To lose fat, you must cut calories.
No ifs, no buts – it’s just a given.
In order for your body to burn fat, and for you to get leaner, your calorie expenditure has to be greater than your intake. And, unless you decide to go from couch potato to training twice a day, seven days per week, that’s going to mean eating less.
But most people make one big mistake when starting a fat loss diet.
They cut too many calories.
They assume that “low-calorie” will result in faster progress, and get you where you want to be quicker.
This is not the case.
And here’s why …
Isn’t It All Relative?
The degree of your calorie deficit determines your fat loss.
It takes a deficit of 3,500 calories to lose 1 pound of fat.
A deficit of 7,000 calories to lose 2 pounds. A deficit of 10,500 to lose 3 pounds, and so on.
Therefore, it would make sense that if you had 10 pounds to lose to get to your ideal body composition, you’d need a calorie deficit of 35,000, and so to do this in the quickest time, you’d simply ensure a weekly deficit of 10,000 to 12,000 calories, and get there in 3 to 4 weeks.
Unfortunately, it just doesn’t work like that.
While it would be nice if this progress was linear, that simply isn’t the case, and drastic calorie cuts will very likely lead to worse results long-term.
The Perils of Plateaus
At some stage during a diet, you will plateau.
This comes as a result of two factors –
- A drop in bodyweight
- Metabolic adaptation
The first of these is by far the biggest contributor and essentially refers to the fact that as you lose fat, and your bodyweight drops, you burn fewer calories every day.
Ergo, when weighing 85 kilos, you might have burned 2,800 calories on an average day, and been able to lose fat at a noticeable rate consuming 2,300 calories. Yet drop a few kilos, and your body needs fewer calories to function. Suddenly, that 2,300 calories doesn’t cut it, and you need to drop them to keep seeing progress,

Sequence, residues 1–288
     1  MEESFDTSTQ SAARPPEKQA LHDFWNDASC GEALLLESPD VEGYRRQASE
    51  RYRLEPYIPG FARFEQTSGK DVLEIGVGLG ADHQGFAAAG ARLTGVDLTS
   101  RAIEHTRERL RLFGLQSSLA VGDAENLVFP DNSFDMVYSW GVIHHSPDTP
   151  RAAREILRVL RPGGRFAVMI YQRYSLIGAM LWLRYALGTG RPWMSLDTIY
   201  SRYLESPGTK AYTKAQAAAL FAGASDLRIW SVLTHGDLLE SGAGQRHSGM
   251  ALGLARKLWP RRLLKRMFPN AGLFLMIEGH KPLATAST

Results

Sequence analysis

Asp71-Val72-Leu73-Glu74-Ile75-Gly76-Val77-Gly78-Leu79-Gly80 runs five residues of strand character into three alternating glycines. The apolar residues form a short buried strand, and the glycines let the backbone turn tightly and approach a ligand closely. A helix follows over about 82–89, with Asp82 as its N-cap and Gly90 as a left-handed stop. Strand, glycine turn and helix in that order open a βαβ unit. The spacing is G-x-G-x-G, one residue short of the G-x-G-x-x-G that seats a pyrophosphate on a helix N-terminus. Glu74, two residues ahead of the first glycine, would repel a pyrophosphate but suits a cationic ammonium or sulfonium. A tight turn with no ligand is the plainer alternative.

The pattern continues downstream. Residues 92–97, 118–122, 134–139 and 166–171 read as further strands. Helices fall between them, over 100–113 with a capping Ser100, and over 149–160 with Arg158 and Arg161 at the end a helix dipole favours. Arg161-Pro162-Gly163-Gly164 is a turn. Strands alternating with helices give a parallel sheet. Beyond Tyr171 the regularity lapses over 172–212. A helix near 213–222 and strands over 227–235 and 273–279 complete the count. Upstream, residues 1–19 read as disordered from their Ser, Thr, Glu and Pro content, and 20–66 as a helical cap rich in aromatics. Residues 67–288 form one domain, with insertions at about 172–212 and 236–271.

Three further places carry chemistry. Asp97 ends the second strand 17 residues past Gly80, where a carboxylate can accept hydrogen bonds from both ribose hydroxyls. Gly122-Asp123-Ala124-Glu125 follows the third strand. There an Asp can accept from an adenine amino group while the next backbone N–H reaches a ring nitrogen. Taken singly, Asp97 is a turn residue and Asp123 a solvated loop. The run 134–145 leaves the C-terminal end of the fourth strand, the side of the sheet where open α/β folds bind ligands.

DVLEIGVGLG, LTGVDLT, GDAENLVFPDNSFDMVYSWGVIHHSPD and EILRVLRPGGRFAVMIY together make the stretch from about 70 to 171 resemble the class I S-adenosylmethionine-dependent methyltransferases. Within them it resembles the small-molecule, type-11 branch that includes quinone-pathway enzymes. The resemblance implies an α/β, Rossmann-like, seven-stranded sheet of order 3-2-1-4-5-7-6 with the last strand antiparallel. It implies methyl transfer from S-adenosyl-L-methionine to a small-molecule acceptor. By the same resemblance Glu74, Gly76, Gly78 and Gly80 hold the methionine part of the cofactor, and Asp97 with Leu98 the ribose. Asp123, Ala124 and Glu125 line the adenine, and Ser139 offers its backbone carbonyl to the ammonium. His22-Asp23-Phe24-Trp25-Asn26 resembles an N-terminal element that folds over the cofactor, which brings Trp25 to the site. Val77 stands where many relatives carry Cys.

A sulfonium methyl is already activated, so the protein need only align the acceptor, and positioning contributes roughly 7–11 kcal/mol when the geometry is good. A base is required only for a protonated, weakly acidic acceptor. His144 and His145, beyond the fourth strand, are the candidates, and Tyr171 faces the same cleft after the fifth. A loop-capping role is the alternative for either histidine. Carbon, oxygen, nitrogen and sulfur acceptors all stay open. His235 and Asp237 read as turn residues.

The metabolic adaptation concept is an interesting one.
While phrases such as “starvation mode” and “damage” get thrown around a fair deal, and are often over-used, a degree of adaptation can occur when dieting, due to a decrease in the hormones that regulate your metabolism, such as leptin and T-3.
Once again, both of these mean that you simply burn fewer calories day to day.
Therefore, however smart your diet is, and however aggressive your deficit at the beginning, fat loss plateaus are inevitable, and at this stage, you will have to drop your calories. If you’re already hungry and struggling with a lack of food, how do you think you’ll feel then?
Want to Lose Muscle?
If so, then going low-calorie straight from the off is a mighty fine way to go about it.
You may not lose pounds of lean tissue overnight, but you will experience slight muscle loss, as well as big dips in strength, and energy levels, when pushing your calories down.
This can happen to a degree with any diet but will happen a lot faster, and to a much greater degree the lower your calorie intake.
The Sustainability Factor
By far and away the biggest reason not to go too low with your calories, and restrict yourself too much from the beginning is due to the sustainability factor.
Quick results are all well and good, and no one wants to lose fat slowly, but even if you reach your goal body composition with an ultra-low calorie diet, you’re far more likely to rebound and binge post-diet.
You might manage to hold your condition for a few weeks, but mentally, it’s been such a grind, that you’re primed to binge on all the foods you’ve deprived yourself of, and so can easily add several pounds of fat back on in just a couple of weeks.
Make your diet easier though, make your calorie cuts smaller, and take a bit longer, and this effect is greatly mitigated.
Calorie Cuts – How Much is Too Much?
The amount you should cut your calories by depends on a number of factors.
As a general rule of thumb, however, you first need to find a rough figure for how many calories you need for maintenance.
Men should multiply bodyweight in kilos by 30 to 35, and women multiply bodyweight in kilos by 28 to 32. (The more active you are, the higher your multiplication factor.)
From here, subtract –
– 10-15% for slower, steady, sustainable fat loss, if you want to make progress, but aren’t on a deadline, and want dieting to be “easy”
– 15-25% if you have a show, shoot or holiday coming up (6-12 weeks away) and don’t mind getting a little more aggressive.
– 25-35% if you’re obese, or are on an extremely tight timescale to get lean. (Note: This should ONLY apply to those who make a living from competing, or photo shoots.)
Use these guidelines to make dieting as stress-free as possible, while maintaining maximum strength, muscle mass and energy, and preventing your risks of a post-diet rebound